My family lives near DuPont HQ, and some back of the envelope  calculations suggest they (we) are drinking the weekly limit suggested  in your link over the course of about three hours."

What we know, and still don't know, about the CRISPR-modified twins

What we know:

  • Dr. Jiankiu He, a scientist in China claims to have edited the genome of two human embryos, which were then implanted and given birth to by their mother as twins, dubbed Lulu and Nana.
  • Dr. He says he edited the CCR5 gene, in order to provide the embryos with resistance to HIV infection. Jiankiu He says he did this because the father of the twins carried HIV. A version of CCR5 (CCR5-Δ32), mainly found in Northern European genomes, is known to confer immunity to certain variants of HIV. 
  • Based on Dr. He’s presentation at the 2nd International Summit on Human Gene Editing this week, one of the two embryos did not have all its cells edited, as a result it is not clear that this baby will have resistance to HIV. The other embryo has only a single-copy of CCR5 edited (humans have two copies of all genes), and the resulting edited gene is not yet known to confer resistance to HIV. It is possible that neither of the two babies will have resistance to HIV. It would certainly be unethical to test this!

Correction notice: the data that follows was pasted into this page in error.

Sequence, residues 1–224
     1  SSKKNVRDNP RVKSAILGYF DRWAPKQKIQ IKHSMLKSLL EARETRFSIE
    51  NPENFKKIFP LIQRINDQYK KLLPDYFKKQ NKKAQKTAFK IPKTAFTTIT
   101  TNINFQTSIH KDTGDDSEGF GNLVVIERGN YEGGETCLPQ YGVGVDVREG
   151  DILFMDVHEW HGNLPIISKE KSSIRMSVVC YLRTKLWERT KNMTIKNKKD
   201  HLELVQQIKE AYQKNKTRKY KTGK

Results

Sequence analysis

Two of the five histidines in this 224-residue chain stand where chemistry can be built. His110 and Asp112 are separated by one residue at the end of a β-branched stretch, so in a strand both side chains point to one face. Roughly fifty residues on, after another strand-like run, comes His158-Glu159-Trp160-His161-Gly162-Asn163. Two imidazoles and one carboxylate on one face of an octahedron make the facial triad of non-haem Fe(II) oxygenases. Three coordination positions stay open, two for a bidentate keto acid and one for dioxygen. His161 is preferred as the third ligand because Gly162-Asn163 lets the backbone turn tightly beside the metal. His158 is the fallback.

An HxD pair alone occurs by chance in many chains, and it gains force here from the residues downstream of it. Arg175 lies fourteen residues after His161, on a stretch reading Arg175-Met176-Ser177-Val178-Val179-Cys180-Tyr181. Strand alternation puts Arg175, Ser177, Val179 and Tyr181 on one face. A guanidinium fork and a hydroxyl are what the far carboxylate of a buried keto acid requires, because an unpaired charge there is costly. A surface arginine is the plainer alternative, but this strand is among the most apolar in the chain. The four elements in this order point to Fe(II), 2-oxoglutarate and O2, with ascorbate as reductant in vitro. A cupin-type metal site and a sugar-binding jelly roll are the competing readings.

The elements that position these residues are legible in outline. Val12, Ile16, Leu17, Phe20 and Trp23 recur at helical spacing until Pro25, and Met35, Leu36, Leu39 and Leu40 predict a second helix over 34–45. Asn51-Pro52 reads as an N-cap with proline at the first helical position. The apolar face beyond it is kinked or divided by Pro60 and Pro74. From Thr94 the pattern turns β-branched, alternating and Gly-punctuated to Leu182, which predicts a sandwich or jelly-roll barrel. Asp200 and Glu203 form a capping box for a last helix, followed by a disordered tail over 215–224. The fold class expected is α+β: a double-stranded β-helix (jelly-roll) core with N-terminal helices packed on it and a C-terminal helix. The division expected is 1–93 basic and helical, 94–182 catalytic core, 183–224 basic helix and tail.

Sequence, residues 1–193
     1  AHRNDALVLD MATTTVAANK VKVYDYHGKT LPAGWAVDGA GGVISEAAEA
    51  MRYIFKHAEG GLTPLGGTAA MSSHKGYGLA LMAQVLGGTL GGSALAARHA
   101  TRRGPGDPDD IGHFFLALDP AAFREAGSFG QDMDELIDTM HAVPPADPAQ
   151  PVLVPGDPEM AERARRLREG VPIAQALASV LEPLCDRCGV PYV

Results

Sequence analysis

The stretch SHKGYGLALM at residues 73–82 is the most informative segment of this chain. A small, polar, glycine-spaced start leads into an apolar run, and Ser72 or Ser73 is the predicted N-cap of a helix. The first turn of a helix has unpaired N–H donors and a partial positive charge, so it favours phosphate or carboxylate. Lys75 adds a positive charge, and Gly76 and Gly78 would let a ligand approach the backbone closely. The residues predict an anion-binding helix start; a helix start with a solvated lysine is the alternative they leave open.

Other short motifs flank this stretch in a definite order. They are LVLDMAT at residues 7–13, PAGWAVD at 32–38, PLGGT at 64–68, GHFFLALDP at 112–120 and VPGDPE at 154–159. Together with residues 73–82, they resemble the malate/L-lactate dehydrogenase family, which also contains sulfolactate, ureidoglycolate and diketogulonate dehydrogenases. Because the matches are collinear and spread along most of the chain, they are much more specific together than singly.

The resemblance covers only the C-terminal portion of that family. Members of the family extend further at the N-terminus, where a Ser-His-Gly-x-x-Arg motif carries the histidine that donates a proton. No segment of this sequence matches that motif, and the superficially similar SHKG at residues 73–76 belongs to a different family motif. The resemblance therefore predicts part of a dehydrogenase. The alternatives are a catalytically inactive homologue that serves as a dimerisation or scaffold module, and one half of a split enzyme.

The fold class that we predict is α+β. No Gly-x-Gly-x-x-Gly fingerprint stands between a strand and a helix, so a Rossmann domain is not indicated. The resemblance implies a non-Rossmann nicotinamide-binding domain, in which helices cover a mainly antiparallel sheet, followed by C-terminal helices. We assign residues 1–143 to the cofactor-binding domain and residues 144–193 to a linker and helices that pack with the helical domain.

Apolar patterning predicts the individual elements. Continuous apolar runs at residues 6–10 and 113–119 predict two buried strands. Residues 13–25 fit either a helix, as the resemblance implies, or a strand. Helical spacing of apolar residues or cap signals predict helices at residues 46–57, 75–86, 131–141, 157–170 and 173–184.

• There are other ways, such as sperm washing during IVF, to prevent HIV transmission from father to off-spring.
  • Dr. He also detected an “off-target” edit, i.e. another region of the genome that was edited by the CRISPR technology used. He suggested that this was unlikely to result in any adverse medical outcomes.
  • He’s experiment was performed in secrecy. His former employer has denied involvement in the trial. 
  • The informed consent form used by Dr. He appears to be misleading in terms of the risks involved.
  • Dr. He claims to have followed the recommendations of the US National Academies report on human gene-editing. However, his trial doesn’t seem to have followed several of these recommendations (highlighted below) and may yet ignore others. 

Restrictions on human germline editing (NASEM, 2017). Highlights showing points not met by Jiankiu He’s experiment.

  • Dr. He says he’s in the process of submitting a scientific manuscript for publication.
  • His experiment drew immediate criticism in China, with over a hundred scientists signing a letter decrying his work as unethical.